Extended Paid Parking Hours
SDOT is extending paid parking hours primarily in Capitol Hill. Three local subareas, including Capitol Hill North, Capitol Hill South, and Pike-Pine were chosen for the extended paid parking hours. Parking occupancy in each of the subareas regularly exceed 90% after 8pm. Some times even saw 110% occupancy after 8pm during the survey, which reflects how much demand local trips to restaurants, bars, and clubs are generating in addition to local trips.
The annual survey also showed significant demand in the Ballard Locks subarea with occupancy rates shooting up after 6pm during the summer. SDOT’s data shows that average occupancy during this year’s survey was about 50% at 6pm whereas the 7pm and 8pm timeframes shot up to 90% and 80% respectively. To better manage occupancy rates, paid parking will be extended from 6pm to 8pm in the summer months of 2018. Similarly, the Ballard Edge area has seen high demand during evening hours, which is why SDOT will also extend paid parking until 8pm there.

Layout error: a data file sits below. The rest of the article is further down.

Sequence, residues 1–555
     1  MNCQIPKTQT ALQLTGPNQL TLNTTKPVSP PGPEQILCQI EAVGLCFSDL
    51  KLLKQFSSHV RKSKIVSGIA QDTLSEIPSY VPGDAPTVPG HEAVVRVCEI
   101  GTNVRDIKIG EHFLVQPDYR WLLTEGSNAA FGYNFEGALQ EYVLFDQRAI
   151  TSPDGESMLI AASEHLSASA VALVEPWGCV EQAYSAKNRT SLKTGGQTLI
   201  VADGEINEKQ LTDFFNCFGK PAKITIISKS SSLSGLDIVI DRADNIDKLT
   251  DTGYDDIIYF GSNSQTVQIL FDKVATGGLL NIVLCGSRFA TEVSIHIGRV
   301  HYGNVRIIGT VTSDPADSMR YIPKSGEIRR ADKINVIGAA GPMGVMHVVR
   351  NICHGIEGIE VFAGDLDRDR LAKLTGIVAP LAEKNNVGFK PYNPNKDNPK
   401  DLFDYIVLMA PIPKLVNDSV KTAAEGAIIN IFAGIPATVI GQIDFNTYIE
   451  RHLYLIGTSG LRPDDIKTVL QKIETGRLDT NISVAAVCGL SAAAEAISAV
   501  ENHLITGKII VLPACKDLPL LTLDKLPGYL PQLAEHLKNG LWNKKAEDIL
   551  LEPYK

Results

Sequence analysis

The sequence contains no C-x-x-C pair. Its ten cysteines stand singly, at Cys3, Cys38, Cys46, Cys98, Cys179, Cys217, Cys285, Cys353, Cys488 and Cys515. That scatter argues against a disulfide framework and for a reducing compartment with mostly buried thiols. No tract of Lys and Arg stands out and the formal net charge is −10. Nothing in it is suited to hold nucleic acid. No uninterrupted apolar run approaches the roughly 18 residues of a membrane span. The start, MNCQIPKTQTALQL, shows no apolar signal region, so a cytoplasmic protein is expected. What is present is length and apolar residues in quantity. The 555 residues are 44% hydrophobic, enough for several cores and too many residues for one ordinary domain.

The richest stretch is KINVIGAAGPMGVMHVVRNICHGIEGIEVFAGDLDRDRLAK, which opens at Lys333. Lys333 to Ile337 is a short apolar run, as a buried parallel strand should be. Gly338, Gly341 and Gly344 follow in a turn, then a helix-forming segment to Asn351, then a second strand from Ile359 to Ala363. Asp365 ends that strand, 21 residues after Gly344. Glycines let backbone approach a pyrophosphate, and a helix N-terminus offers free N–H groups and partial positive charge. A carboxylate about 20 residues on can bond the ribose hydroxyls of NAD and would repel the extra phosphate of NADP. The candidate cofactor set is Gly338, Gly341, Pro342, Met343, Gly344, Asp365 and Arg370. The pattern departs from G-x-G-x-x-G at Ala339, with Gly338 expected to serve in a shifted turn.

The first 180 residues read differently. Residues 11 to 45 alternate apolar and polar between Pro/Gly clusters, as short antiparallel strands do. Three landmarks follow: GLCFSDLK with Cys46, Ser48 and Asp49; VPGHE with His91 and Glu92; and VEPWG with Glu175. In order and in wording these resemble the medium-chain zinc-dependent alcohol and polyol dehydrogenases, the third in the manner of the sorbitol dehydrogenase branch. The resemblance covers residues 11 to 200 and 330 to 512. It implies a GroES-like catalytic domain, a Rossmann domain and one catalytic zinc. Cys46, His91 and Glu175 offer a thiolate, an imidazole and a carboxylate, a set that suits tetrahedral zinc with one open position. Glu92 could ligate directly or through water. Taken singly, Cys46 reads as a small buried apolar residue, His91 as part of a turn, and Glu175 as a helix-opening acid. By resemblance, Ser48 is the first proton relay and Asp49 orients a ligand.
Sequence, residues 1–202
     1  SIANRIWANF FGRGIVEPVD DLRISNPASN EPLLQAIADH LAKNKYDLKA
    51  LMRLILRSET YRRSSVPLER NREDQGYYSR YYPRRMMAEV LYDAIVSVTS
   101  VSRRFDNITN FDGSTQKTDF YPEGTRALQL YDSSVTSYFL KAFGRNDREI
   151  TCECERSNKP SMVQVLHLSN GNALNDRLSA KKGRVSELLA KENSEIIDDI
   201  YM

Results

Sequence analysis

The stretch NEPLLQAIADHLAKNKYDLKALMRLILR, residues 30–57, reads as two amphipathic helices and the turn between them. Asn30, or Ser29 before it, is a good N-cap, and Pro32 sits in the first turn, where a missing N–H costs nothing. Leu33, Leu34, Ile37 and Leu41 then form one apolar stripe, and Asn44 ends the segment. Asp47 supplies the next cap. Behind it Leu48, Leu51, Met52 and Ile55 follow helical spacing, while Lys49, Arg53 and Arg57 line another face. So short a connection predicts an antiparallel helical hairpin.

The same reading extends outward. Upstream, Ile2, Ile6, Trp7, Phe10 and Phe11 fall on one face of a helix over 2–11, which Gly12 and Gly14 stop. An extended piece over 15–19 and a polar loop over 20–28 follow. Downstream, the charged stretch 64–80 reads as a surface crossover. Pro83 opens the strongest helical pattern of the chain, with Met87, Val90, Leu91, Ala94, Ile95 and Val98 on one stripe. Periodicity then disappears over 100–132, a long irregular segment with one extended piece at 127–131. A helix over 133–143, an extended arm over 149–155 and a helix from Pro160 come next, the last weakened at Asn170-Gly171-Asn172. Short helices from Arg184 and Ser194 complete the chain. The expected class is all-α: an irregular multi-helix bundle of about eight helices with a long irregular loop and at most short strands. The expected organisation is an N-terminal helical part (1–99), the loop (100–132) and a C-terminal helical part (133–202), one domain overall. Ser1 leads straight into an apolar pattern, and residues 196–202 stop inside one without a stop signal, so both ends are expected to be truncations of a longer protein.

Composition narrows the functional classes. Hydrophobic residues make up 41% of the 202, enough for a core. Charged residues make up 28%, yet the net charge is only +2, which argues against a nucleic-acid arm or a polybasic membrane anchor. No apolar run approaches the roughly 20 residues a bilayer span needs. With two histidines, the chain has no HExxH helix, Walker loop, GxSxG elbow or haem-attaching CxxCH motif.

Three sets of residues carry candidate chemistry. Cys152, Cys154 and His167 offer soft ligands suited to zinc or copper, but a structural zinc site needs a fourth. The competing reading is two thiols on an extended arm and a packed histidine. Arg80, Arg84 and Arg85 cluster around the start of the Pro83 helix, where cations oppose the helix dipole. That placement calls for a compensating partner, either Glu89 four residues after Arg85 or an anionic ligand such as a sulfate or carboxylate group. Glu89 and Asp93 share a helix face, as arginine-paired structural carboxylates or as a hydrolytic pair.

SDOT will also look at other neighborhoods to see if extending paid parking in the future might be sensible. Survey results from 2017 suggest that parking occupancies remained high after 8pm in variety of areas, including: 12th Avenue, Ballard Core, Chinatown/International District Core, First Hill, and Green Lake.
Possible Future Expansion of Paid Parking Zones